The building was then abandoned and fell into disrepair, before undergoing a massive restoration in the early 1980s. In the building’s biography, project architect Susan Parker recalled her delight at discovering the twin urinal.

“There’s nothing like that in the women’s washroom,” she mused.

The urinal is highlighted in a biography about Heritage Hall. (Ben Nelms/CBC)

Today, the building houses non-profit offices and is mainly used as an event space. The urinal remains one of its original features.

Jan Tollefsen, the building manager for Heritage Hall, said she’s barely had to maintain it in her three years working at the site.

“It was made to last,” she said.

While the urinal flushes on its own every 20 minutes, there is, ahem, a smell of pee that lingers. Not even a urinal deodorizer can thwart it, Tollefsen said. Still, nothing stops visitors from revelling in the contraption.

“I’ve even had people do photo shoots down around it,” Tollefsen said.

But gentlemen, if you’re thinking of checking out this one-of-a-kind john, don’t unzip just yet.

It’s only open for private events, meaning you’ll either have to host a wedding — or be invited to one — to take part in what has become a strange Vancouver tradition.

“Everyone’s fascinated by it because it’s so bizarre,” Tollefsen said.

The twin urinal at Heritage Hall still remains in tip-top shape to this day. (Ben Nelms/CBC)


BC Ferries seeks public input on Horseshoe Bay redesign | CBC News

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BC Ferries is seeking public input on some draft concepts for the redesign of its busy Horseshoe Bay terminal. 

The West Vancouver terminal, which has three different routes connecting Metro Vancouver with Bowen Island, Nanaimo and the Sunshine Coast, is one of the company’s busiest.

Because the bay is tightly hemmed in by mountains, it’s reached its geographic capacity, says Tessa Humphries, a spokesperson with BC Ferries,

“[It] is at a point now where it’s going to need to be renewed,” Humphries said.

The company has already sought public feedback on the design plans. Nearly 1,500 people submitted responses on what they think is important for the future of the terminal.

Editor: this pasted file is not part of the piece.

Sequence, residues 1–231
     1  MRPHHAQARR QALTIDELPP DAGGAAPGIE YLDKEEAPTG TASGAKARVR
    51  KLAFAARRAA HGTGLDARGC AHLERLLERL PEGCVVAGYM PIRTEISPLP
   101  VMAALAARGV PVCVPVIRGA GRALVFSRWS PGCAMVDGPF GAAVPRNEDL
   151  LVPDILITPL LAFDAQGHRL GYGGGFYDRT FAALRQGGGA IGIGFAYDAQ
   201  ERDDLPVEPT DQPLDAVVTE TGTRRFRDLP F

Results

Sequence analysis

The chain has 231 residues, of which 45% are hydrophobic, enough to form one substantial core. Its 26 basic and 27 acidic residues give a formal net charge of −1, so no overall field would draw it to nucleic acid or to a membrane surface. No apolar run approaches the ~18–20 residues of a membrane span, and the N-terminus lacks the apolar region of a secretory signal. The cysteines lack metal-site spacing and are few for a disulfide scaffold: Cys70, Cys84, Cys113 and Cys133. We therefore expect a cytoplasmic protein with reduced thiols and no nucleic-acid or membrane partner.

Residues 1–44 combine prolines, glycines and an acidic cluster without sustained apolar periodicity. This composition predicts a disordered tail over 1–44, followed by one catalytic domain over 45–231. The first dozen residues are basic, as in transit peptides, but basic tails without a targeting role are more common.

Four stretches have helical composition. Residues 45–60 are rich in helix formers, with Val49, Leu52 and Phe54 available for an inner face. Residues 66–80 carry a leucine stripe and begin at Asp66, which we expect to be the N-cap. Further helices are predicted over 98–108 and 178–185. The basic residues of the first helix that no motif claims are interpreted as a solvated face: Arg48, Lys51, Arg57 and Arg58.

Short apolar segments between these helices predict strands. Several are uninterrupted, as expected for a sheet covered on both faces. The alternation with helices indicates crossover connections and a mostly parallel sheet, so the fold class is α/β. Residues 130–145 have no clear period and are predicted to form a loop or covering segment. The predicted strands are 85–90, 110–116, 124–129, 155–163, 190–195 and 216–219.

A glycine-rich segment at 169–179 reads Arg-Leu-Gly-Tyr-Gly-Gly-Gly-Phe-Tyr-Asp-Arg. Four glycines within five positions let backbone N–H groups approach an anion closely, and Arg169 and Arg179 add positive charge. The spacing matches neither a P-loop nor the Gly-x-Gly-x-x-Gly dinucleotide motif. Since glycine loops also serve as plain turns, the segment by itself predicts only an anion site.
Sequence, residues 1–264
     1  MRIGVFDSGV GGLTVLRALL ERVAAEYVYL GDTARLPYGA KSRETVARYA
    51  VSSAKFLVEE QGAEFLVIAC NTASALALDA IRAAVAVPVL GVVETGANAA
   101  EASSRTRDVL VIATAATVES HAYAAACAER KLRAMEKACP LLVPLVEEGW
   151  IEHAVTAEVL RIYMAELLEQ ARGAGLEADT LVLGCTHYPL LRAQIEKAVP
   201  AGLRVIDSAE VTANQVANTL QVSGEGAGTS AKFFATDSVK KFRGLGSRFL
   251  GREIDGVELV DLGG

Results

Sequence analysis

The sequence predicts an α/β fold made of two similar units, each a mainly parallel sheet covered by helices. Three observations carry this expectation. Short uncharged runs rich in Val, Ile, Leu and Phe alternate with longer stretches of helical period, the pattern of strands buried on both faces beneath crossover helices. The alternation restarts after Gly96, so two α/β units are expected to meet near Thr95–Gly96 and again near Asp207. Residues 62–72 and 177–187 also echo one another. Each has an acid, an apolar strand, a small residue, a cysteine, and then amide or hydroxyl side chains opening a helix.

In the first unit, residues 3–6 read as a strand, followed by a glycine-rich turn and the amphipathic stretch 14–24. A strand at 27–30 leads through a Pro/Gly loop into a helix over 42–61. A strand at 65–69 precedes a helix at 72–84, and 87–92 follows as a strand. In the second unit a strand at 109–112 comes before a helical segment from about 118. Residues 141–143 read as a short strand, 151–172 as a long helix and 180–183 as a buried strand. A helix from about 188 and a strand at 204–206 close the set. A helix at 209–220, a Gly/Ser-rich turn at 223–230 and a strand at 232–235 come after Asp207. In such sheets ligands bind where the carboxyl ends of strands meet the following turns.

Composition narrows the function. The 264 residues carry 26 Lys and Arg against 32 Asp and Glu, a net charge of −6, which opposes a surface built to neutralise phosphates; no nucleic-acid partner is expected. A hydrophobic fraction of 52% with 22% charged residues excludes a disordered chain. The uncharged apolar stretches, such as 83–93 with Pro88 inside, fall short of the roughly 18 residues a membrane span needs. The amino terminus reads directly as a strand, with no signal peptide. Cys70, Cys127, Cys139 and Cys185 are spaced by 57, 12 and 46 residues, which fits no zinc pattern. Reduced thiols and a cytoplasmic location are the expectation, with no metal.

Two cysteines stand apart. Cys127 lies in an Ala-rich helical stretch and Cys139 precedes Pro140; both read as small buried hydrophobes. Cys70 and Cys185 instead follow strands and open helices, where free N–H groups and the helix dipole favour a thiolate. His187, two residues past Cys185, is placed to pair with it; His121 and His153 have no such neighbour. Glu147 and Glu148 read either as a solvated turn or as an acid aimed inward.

Humphries said some key concerns included traffic efficiency in and out of the terminal, accessibility and integration with the Village of Horseshoe Bay. 

BC Ferries took in all those ideas and have created some draft terminal concepts. These include creating another exit lane to improve traffic efficiency, creating a community hub and redesigning the terminal building. 

Still, it will be quite some time before anything changes.

“This is a large, large project and it’s part of the overall 25-year plan for the terminal,” Humphries said. 

“We wouldn’t expect construction to actually begin on the first phase until the mid 2020s.”

People can submit feedback online until Oct. 13 or attend a community engagement meeting on Oct. 7 at the Gleneagles Golf Course in West Vancouver.


Metro Vancouver Transit Police looking for suspect in 2 violent robberies | CBC News

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Metro Vancouver Transit Police are searching for a suspect who allegedly committed two robberies in August, choking each victim until they became unconscious.

In both incidents, the suspect approached and began conversations with the victims before placing them in a headlock and robbing them, according to a Transit Police news release.

Early on the morning of Aug. 18, police say the suspect approached a 45-year-old man riding a bus headed toward the Marine Drive Canada Line station. According to police, he befriended the man, followed him off the bus, asked him for a cigarette and when the victim refused, tackled him and placed him in a headlock until he lost consciousness.

Upon regaining consciousness, the suspect asked the victim to buy him a drink at the Marine Drive Canada Line Station store, but when the victim entered the store,  police say, the man stole his phone and fled on the train.

Police say the second robbery occurred late on Aug. 20 when the suspect started a conversation with a 26-year-old man at the Stadium SkyTrain Station.

The suspect grabbed the man when he tried to leave, placed him in a headlock and choked him until he was unconscious.

Watch: Robbery suspect caught on video before his alleged crimes

CCTV at Vancouver’s Stadium SkyTrain Station recorded a suspect before he is alleged to have taken part in a violent robbery. Transit Police say the man is responsible for two thefts in which he put his victims in a headlock, choking them until they were unconscious. 0:17

The victim’s wallet was stolen and his credit card used to make a $400 purchase at a convenience store.

The suspect is described as a Caucasian or Indigenous man in his late 30s, between five feet eight inches and five feet 10 inches with a stocky build and short brown hair.

Transit police say the level of violence used by the suspect is concerning and ask anyone with information about his identity to contact them at 604-516-7419 or by text message at 87-77-77.


TD Bank refuses to refund art student $600 in fraudulent cheques | CBC News

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A Vancouver man is frustrated TD Canada Trust will not reimburse him for $600 in fraudulent cheques that were cashed on his bank account this summer.

Preston Buffalo, a student at Emily Carr University of Art and Design, says he misplaced his chequebook but isn’t sure exactly when or how.

The bank says Preston Buffalo didn’t exercise due diligence in protecting his cheque book and said it won’t refund the money.

Buffalo discovered the theft in late July when he returned from a visit with family in Edmonton.